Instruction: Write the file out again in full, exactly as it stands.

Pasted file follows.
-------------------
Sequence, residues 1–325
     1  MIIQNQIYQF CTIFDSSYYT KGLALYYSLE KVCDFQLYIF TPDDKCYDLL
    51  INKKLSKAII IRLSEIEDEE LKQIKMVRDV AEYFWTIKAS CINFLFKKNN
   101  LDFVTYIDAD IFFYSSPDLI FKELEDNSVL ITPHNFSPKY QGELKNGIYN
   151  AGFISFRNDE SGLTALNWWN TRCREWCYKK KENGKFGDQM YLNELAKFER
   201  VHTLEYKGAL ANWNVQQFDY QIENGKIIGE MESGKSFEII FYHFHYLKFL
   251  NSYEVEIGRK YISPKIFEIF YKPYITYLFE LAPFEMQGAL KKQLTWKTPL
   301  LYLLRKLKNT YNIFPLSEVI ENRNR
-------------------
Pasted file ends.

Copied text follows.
Sequence, residues 1–325
     1  MIIQNQIYQF CTIFDSSYYT KGLALYYSLE KVCDFQLYIF TPDDKCYDLL
    51  INKKLSKAII IRLSEIEDEE LKQIKMVRDV AEYFWTIKAS CINFLFKKNN
   101  LDFVTYIDAD IFFYSSPDLI FKELEDNSVL ITPHNFSPKY QGELKNGIYN
   151  AGFISFRNDE SGLTALNWWN TRCREWCYKK KENGKFGDQM YLNELAKFER
   201  VHTLEYKGAL ANWNVQQFDY QIENGKIIGE MESGKSFEII FYHFHYLKFL
   251  NSYEVEIGRK YISPKIFEIF YKPYITYLFE LAPFEMQGAL KKQLTWKTPL
   301  LYLLRKLKNT YNIFPLSEVI ENRNR